Secure Credential Management
Credentials should not be kept on the server, nor should they be included directly in your programming logic.
Attackers often review running code on the server to see if they can obtain any sensitive credentials that may have been included in each script. To better manage your credentials, we recommend either using:
Not Running the Application as the Root/Superuser
Frequently an application needs special permissions and access and often it is easiest to run an application in the root/superuser account. This is a dangerous practice since the application, when compromised, gives attackers an account with full administrative privileges. Instead, configuring the application to run with an account with only the permissions it needs to run is a way to minimize the impact of a given compromise.
The goal in safer networking is to minimize the areas that an attacker can target.
Minimize Publicly Exposed Services
Every port/service open to the internet will be scanned to access your servers. We recommend that any service/port that is not needed to be accessed by the public be placed behind the campus firewall. This will significantly reduce the number of attempts by attackers to compromise your servers.
In practice this usually means that you only expose posts 80/443 which enables you to serve websites, while you keep all other services such as SSH, WordPress-logins, etc behind the campus firewall.
Strengthen SSH Logins
Where possible, and if needed, logins to a Harvard service should be placed behind Harvardkey. For researchers however, the preferred login method is usually SSH and we recommend the following ways to strengthen your SSH accounts
● Disable password only logins
noto disable tunneled clear text passwords i.e.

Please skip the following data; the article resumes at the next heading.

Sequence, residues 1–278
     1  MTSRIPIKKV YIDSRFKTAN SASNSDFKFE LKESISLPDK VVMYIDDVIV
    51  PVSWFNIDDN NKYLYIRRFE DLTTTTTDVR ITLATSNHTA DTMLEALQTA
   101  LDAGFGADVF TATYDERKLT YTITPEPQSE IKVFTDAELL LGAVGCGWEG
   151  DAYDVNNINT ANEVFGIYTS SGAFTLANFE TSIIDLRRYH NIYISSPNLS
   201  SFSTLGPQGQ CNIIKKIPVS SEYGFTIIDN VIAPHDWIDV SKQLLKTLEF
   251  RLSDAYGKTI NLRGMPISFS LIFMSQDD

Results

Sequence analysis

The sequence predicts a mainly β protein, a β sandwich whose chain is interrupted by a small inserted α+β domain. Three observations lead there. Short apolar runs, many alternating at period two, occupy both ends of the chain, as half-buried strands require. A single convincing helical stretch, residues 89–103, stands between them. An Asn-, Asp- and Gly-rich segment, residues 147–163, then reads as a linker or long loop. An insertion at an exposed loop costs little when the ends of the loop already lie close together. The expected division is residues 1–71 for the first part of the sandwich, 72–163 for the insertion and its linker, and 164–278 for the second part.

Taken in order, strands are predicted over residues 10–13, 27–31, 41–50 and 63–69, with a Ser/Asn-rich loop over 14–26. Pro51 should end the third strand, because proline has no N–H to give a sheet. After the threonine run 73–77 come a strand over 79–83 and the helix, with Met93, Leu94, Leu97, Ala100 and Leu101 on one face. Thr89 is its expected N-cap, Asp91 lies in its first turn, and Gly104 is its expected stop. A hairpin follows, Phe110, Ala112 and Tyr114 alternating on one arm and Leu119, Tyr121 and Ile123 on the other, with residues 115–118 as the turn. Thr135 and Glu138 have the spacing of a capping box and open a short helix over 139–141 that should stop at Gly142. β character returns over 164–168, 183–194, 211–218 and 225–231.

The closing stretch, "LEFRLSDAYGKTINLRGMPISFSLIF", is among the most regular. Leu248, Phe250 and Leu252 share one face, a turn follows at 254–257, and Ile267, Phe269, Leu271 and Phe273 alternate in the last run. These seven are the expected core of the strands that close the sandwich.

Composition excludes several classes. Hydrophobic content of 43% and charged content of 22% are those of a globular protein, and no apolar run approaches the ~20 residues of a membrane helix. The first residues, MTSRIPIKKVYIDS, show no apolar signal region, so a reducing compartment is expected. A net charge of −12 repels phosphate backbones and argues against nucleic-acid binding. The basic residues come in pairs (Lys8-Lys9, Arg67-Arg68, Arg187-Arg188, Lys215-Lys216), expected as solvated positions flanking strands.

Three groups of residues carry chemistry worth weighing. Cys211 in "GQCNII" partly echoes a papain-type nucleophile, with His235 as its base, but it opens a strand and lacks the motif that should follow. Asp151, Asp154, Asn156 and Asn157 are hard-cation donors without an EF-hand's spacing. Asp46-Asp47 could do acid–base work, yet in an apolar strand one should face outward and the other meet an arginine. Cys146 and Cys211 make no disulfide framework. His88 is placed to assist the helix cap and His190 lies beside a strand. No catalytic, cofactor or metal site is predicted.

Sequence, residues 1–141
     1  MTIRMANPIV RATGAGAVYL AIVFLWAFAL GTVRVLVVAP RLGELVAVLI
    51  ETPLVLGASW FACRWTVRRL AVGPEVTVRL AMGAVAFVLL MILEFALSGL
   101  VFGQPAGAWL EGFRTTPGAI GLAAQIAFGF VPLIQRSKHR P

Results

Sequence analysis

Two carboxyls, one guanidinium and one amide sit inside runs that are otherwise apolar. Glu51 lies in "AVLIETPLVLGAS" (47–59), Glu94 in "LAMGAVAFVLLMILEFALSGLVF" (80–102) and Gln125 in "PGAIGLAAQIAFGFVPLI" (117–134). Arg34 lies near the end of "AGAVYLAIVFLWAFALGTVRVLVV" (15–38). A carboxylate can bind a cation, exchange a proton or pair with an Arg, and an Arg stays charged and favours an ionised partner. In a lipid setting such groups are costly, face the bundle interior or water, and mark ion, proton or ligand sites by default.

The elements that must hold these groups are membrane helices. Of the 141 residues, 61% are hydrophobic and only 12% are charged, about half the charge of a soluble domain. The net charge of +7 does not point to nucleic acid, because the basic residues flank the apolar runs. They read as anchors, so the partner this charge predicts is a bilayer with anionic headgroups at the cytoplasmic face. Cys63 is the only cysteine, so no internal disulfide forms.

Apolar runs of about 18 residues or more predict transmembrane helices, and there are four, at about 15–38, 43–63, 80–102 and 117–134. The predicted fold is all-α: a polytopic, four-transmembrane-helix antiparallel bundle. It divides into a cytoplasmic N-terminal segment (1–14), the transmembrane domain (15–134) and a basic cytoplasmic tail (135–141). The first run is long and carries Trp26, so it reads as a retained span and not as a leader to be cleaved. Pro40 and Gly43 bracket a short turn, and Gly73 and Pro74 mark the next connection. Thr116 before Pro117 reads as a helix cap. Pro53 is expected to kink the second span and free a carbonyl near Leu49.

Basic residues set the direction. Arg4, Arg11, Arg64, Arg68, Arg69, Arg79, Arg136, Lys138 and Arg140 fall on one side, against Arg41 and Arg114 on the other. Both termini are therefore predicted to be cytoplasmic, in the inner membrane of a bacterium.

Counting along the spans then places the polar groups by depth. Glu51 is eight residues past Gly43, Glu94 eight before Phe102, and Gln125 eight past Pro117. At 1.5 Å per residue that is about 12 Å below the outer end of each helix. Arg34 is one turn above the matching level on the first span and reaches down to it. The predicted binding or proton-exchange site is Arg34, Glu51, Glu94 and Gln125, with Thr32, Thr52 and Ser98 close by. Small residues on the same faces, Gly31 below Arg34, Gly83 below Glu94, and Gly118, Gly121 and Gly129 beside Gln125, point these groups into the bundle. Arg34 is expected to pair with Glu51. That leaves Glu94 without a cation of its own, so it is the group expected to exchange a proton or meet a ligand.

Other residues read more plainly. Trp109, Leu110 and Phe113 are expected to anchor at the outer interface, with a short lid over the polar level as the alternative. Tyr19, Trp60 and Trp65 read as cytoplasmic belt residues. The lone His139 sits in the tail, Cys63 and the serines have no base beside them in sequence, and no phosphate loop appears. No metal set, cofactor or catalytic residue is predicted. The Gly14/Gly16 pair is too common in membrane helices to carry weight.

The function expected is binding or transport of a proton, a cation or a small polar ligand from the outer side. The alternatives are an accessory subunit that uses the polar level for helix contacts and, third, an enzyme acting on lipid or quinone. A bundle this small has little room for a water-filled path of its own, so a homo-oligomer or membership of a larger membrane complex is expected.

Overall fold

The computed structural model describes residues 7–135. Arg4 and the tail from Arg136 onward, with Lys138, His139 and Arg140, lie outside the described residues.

Uncomment the permit empty passwords option in the second line, and, if needed, change
service ssh restart.
● Use SSH keys with passwords enabled on them
● If possible, enroll the SSH service with a Two-factor authentication provider such as DUO or YubiKey.
Despite the best protection, a sophisticated attacker may still find a way to compromise your servers and in those scenarios, we want to enhance your ability to detect activity that may be suspicious.
As stated above, Crowdstrike is both an endpoint protection service and also an endpoint detection service. This software understands activities that might be benign in isolation but coupled with other actions on the device may be indicative of a compromise. It also enables the quickest security response.
Crowdstrike can be downloaded from our repository at: agents.itsec.harvard.edu this software is needed for all devices owned by Harvard staff/faculty and available for all operating systems.
Safeguard your System Logs
System logs are logs that check and track activity on your servers, including logins, installed applications, errors and more.
Sophisticated attackers will try to delete these logs to frustrate investigations and prevent discovery of their attacks. To ensure that your logs are still accessible and available for review, we recommend that you configure your logs to be sent to a system separate from your servers. This can be either sending logs to an external file storage repository. Or configuring a separate logging system using Splunk.
For help setting up logging please file a support request via our support ticketing system: ServiceNow.
Escalating an Issue
There are several ways you can report a security issue and they are all documented on HUIT Internet Security and Data Privacy group site.
In the event you suspect a security issue has occurred or wanted someone to supply a security assessment, please feel free to reach out to the HUIT Internet Security and Data Privacy group, specifically the Operations & Engineering team.
● Harvard HUIT Slack Channel: #isdp-public